The morning started off at around 6:30 and breakfast at 7. Like yesterday, the breakfast was both Japanese and American food which was a great start to a long day. At around 9:45 we loaded up the bus again and made our way to Nara which was about 1 1/2 hour away. Once there we visited the “Big Buddah” temple. Once you walk inside the temple, you are greeted with the largest Buddah statue in the world. This statue was massive. Once we walked around to the other side, there was a hole in a pillar that symbolized buddah’s nostril. The idea behind it is that if you can fit through the hole, you will be on the path to enlightenent. All of the students were able to fit through so I guess we are a pretty enlightened group :).
Once we left the temple, we went on our way to lunch. Yup, you guessed it, another tofu restaurant. This time however, they did have some fried crab and a few other unrecognizable items. I must say, the students have been great with trying everything that is served to them, even if it looks a bit scetchy.
After lunch we loaded back up and began our 3 1/2 hour journey to Tokshima on the Shikoku island. Once there, we were greeted by about 30 rotarians, including our host families. The mood changed a bit when we all realized we would be parting ways, though, there weren’t any tears so I am sure everyone is going to be fine. I am staying with a lovely couple, Mr. and Mrs. Tanaka. Once we arrived at their home, Mr. Tanaka was gracious enough to take me on a tour of his house and downstairs to meet his parents who were very happy to meet me. We sat in the takami room and Tanaka Senior took at a world atlas so that he could see where I was from. We had a great conversation even though they could not speak English, Mr. Tanaka was able to translate. His mother has invited me to a tea ceremony on Sunday in honor of July 7th which is a Japanese honoring when a prince and princess meet for the only time each year. I believe we will also be going to a Tokoshima soccor (futbol) game on Sunday.
That’s all for now!!
Day 2 in Japan June 27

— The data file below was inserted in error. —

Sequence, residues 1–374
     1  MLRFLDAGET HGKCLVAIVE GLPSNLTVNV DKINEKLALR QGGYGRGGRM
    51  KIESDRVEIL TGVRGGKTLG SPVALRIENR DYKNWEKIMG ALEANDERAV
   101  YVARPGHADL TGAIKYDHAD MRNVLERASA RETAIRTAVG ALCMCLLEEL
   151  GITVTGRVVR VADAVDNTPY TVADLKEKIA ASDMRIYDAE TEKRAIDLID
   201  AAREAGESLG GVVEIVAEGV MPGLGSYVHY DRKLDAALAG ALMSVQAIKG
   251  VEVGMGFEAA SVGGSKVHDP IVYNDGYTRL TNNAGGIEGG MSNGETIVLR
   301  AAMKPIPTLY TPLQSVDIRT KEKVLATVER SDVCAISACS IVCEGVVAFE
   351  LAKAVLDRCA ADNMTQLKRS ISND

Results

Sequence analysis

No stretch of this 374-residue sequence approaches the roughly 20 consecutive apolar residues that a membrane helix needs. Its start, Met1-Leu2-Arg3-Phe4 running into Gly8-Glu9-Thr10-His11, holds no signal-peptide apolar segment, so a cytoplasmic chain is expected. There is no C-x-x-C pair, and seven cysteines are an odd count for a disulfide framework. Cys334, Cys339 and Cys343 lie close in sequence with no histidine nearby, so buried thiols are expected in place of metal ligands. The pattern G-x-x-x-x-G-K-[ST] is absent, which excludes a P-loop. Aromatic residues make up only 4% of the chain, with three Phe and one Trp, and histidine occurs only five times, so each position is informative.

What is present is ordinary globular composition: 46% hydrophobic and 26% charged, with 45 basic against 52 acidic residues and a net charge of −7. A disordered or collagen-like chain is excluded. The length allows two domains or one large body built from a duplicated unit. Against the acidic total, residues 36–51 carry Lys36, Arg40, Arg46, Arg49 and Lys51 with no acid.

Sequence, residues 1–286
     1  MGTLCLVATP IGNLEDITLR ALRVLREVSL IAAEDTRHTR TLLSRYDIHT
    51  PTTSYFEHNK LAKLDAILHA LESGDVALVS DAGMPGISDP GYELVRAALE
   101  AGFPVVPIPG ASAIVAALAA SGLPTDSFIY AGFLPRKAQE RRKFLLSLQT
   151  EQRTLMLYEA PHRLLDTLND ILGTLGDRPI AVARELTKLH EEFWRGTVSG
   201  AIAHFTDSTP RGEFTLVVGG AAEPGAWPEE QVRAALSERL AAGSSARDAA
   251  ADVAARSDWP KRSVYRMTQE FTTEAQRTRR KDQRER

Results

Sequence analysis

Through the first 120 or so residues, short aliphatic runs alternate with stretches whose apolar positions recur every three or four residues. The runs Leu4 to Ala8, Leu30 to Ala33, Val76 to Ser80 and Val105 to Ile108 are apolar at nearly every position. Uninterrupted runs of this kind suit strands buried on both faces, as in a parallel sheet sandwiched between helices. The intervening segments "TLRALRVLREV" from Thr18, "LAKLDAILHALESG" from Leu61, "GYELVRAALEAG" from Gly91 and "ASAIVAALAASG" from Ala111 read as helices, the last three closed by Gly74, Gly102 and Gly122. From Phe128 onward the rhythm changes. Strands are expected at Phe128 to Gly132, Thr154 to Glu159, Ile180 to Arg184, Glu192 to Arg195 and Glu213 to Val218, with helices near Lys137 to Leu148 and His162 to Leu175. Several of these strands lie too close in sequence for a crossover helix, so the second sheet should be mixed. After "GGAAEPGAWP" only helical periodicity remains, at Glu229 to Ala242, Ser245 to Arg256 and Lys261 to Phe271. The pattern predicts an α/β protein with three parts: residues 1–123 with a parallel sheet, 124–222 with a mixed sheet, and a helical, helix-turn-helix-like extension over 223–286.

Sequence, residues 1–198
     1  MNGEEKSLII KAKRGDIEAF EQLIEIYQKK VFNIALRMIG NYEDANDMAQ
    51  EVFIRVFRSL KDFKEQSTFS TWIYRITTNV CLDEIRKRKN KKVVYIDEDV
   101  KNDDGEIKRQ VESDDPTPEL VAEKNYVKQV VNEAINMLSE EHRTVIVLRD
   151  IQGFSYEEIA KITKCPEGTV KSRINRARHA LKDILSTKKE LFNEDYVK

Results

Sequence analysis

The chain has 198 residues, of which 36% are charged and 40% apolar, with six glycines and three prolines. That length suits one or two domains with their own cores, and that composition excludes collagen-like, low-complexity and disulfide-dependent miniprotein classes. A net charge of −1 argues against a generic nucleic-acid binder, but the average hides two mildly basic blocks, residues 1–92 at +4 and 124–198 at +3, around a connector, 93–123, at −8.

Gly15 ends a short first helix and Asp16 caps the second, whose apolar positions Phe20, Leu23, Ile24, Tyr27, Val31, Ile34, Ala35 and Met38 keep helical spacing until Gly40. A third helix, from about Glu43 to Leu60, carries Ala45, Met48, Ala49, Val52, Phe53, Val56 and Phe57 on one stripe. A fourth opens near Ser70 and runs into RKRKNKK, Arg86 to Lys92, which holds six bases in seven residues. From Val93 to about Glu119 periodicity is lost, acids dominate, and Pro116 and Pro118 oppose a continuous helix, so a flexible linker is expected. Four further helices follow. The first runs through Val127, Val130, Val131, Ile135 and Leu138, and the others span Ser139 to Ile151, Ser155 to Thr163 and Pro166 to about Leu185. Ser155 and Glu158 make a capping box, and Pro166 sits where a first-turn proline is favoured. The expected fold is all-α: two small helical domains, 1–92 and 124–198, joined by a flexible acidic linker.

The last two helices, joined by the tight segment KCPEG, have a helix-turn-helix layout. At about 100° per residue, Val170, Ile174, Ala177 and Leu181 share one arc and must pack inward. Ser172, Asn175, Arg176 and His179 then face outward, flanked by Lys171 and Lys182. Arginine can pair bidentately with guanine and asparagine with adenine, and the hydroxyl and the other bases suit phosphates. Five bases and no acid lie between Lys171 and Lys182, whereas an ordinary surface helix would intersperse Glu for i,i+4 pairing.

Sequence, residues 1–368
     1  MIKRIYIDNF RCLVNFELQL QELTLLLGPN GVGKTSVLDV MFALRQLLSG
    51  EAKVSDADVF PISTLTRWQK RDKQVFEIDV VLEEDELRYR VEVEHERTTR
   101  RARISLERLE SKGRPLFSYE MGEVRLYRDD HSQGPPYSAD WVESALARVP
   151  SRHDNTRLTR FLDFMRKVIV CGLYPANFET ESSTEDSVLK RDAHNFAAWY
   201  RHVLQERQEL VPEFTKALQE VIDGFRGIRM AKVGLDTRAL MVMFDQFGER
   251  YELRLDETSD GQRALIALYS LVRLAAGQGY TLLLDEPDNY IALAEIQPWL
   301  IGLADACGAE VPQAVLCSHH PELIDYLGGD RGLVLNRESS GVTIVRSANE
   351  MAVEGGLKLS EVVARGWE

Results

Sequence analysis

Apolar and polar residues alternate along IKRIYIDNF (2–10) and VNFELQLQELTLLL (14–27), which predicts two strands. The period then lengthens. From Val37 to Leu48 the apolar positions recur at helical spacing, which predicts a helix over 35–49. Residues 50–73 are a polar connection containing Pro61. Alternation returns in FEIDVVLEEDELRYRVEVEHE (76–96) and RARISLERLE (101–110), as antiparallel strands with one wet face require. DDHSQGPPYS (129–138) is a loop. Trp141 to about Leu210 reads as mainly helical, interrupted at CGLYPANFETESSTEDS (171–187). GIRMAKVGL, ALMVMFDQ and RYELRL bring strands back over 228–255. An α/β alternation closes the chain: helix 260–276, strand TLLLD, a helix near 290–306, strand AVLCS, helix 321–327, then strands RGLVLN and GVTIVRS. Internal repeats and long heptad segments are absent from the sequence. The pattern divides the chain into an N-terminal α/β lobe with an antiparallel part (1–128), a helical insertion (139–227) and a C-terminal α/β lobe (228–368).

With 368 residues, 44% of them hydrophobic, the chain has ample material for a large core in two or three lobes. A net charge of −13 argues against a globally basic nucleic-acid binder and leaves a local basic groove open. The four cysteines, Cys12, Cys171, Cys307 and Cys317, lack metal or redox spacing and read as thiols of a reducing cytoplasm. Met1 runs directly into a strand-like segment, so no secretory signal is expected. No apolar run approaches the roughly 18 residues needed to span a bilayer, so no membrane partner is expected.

This morning I was up before the son at a very early 4:30. It was really nice to see the sun come up over Osaka. After going for a short walk with Stacey, another leader, I was able to come back and access the internet for a very short 10 minutes to let my family know I was safe, cost 100yen for 10 minutes which is roughly $.70 American. We all sat down to a very traditional breakfast with different foods such as miso soup seaweed and a sticky soybean mixture called Nautto. The students and leaders kept a very open mind and tried pretty much everything.
Right now I am writing to you from a tour bus on our way to Kyoto, the ancient capital of Japan. Our tour guides name is Yumi, she is very knowledgeable about Japan so we will be learning a lot today on our journey.
Well, that is all for now! Stay tuned to find out what type of adventures we had today!!
Once we made it to Kyoto, we visited 3 different Buddist temples and at lunch at a tofu restaurant, which was actually a lot better then it sounds. We got back to the hotel around 4 and the students got a chance to explore Kyoto for a bit on their own. Dinner was a delicious Japanese meal with some recognizable food thrown in and everyone agreed it was delicious.
After dinner, the group went out on a Gesha Hunt. I know this sounds completely insane and in the US would not actually be an acceptable act to go out in search of an “escort”, though, in Japan it is widely accepted. Our host explained that a Gesha is someone who is paid to keep a gentleman company. For example, they would acompany the gentleman to dinner and serve his dinner, pour his wine and dance for him. Basically in our culutre it is a more traditional escort. I digress. After dinner, we all got in cabs and make our way to what I can only call Kyoto’s red light district, though not as seedy and crime ridden as it sounds. Unfortuneatly, after walking for a while, we did not find any Geshas. We all walked over to the shopping district but were too tired to do anything so we went back to the hotel.